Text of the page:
found that plenty of competition existed in Europe, in Latin America, and
in minor and indoor leagues in the United States. ''We couldn't have told
the players, 'Take it or leave it,' because they had other places to go,''
said Michael Cardozo, a lawyer for MLS.

Because the jury agreed with the owners that the market was not limited to
Division I soccer in this country, it did not have to decide whether MLS
worked to limit competition in the United States. Even so, the jury
appeared ready to agree with owners on that point as well. ''It was our
feeling that if these two leagues had been in place, both would be
bankrupt,'' juror Tina Hart told the Associated Press. ''There isn't enough
demand for it.''

The players will appeal the verdict, their lawyer Jeffrey Kessler said.
Other, minor issues will be worked out between the parties in the next

Jurors told the AP that they were impressed by the testimony of former
deputy commissioner Sunil Gulati, who compiled a chart noting that MLS
players had come from and gone to professional leagues in dozens of other

But the players argued that only 20 percent of MLS players had
international options. Others were turned away because of visa and
work-permit requirements or other limits on the use of foreign players.
''All we want is an agreement between labor and management,'' said Garth
Lagerway, the Miami Fusion goalkeeper and player representative. ''All
that's happened in the history of this league is the league telling us what
we had to accept.''

Garber said the league spent more than dlrs 10 million fighting the lawsuit
money that could have been better spent promoting soccer. Players were
supported in part by the NFL Players Association. ''We do believe that our
players were misled by their representatives in pursuing something that was
not in the best interests of the sport,'' Garber said. ''We also believe
that the resources will be much better allocated to growing the sport of
soccer in this country.''

MLS owners claimed that they have lost dlrs 250 million since 1995, even
without competition. According to antitrust laws, any damages would have
been tripled and then applied to other players in the class, which could
have put it into the tens of millions of dollars. (AP Worldstream, December
12, 2000)

MONTY GROUP: NY Ap Ct Dismisses All But One Claim Re Insurance Sales
Since late 1995 a number of purported class actions have been commenced in
various state and federal courts against Mony Group alleging that the
company engaged in deceptive sales practices in connection with the sale of
whole and universal life insurance policies from the early 1980s through
the mid 1990s.

Although the claims asserted in each case are not identical, they seek
substantially the same relief under essentially the same theories of
recovery (i.e., breach of contract, fraud, negligent misrepresentation,
negligent supervision and training, breach of fiduciary duty, unjust
enrichment and violation of state insurance and/or deceptive business
practice laws). Plaintiffs in these cases seek primarily equitable relief
(e.g., reformation, specific performance, mandatory injunctive relief
prohibiting us from canceling policies for failure to make required premium
payments, imposition of a constructive trust and creation of a claims
resolution facility to adjudicate any individual issues remaining after
resolution of all class-wide issues) as opposed to compensatory damages,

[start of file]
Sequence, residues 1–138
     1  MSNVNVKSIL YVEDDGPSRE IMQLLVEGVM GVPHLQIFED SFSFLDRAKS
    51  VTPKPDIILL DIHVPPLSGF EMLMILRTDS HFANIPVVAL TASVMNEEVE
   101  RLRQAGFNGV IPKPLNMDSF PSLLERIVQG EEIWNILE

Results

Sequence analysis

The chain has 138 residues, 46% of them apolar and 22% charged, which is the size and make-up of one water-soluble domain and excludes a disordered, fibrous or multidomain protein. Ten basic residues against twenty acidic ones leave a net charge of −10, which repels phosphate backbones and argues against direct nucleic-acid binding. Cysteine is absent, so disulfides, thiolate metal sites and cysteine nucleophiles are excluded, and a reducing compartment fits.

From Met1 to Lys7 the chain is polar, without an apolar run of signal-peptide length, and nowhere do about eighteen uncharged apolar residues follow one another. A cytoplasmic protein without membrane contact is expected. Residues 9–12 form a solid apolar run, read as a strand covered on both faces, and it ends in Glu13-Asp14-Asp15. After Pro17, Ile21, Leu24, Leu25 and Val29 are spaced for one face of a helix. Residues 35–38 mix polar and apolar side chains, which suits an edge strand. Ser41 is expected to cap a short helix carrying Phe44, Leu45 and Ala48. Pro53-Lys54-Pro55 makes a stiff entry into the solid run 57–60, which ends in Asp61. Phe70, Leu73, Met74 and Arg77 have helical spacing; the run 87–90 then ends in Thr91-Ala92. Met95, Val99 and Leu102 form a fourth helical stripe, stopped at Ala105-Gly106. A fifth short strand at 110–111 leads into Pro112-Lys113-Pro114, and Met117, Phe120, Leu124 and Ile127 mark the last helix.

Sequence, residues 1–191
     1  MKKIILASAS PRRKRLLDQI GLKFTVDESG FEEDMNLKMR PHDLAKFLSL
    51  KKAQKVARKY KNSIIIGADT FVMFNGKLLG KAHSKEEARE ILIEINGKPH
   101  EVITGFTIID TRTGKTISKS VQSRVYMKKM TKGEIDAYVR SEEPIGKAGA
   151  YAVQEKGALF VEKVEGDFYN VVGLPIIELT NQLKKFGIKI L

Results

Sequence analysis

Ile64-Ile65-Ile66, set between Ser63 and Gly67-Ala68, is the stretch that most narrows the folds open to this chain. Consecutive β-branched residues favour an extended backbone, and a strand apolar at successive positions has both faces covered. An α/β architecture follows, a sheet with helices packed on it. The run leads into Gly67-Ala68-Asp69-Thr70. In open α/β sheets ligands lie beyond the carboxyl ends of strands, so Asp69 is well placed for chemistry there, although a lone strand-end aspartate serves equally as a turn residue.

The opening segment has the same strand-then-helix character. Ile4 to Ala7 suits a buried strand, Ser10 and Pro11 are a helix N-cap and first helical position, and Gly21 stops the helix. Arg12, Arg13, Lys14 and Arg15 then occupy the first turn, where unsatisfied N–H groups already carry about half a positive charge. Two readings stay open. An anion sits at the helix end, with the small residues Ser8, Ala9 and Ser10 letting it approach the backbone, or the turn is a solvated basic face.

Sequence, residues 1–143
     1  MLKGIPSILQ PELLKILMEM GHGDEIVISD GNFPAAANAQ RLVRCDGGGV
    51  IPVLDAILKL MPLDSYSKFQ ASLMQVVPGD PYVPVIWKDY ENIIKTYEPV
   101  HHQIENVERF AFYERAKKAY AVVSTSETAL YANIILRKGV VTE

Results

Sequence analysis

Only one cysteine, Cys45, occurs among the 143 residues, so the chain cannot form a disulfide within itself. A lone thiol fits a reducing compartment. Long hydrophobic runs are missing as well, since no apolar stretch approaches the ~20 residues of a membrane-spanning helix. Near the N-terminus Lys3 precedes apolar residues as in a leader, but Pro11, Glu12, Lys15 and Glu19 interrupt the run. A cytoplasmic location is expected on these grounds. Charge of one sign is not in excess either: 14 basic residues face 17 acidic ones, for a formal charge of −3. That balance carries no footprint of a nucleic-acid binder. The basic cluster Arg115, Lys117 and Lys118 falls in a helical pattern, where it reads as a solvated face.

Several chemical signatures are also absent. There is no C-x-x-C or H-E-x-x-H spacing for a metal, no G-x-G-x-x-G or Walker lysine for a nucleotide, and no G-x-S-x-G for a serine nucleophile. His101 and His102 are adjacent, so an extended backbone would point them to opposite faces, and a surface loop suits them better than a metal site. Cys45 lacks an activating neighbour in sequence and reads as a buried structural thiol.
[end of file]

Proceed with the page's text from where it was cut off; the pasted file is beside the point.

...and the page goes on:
although they also seek compensatory damages in unspecified amounts. The
Company has answered the complaints in each action (except for one being
voluntarily held in abeyance). The company has denied any wrongdoing and
have asserted numerous affirmative defenses.

On June 7, 1996, the New York State Supreme Court certified one of those
cases, Goshen v. The Mutual Life Insurance Company of New York and MONY
Life Insurance Company of America, the first of the class actions filed, as
a nationwide class consisting of all persons or entities who have, or at
the time of the policy's termination had, an ownership interest in a whole
or universal life insurance policy issued by us and sold on an alleged
"vanishing premium" basis during the period January 1, 1982 to December 31,

On March 27, 1997, MONY filed a motion to dismiss or, alternatively, for
summary judgment on all counts of the complaint. All of the other putative
class actions have been consolidated and transferred by the Judicial Panel
on Multidistrict Litigation to the United States District Court for the
District of Massachusetts and/or are being held in abeyance pending the
outcome of the Goshen case.

On October 21, 1997, the New York State Supreme Court granted the company's
motion for summary judgment and dismissed all claims filed in the Goshen
case against it. On December 20, 1999, the New York State Court of Appeals
affirmed the dismissal of all but one of the claims in the Goshen case (a
claim under New York's General Business Law), which has been remanded back
to the New York State Supreme Court for further proceedings consistent with
the opinion. The company intends to defend ourselves vigorously against the
sole remaining claim.

MONY GROUP: Insurer Sued in NY Re Demutualization; Not Yet Time to Move
On November 16, 1999, The MONY Group Inc. and MONY Life Insurance Company
were served with a complaint in an action entitled Calvin Chatlos, M.D.,
and Alvin H. Clement, On Behalf of Themselves And All Others Similarly
Situated v. The MONY Life Insurance Company, The MONY Group Inc., and Neil
D. Levin, Superintendent, New York Department of Insurance, filed in the
United States District Court for the Southern District of New York. The
action purports to be brought as a class action on behalf of all
individuals who had an ownership interest in one or more in-force life
insurance policies issued by MONY Life Insurance Company as of November 16,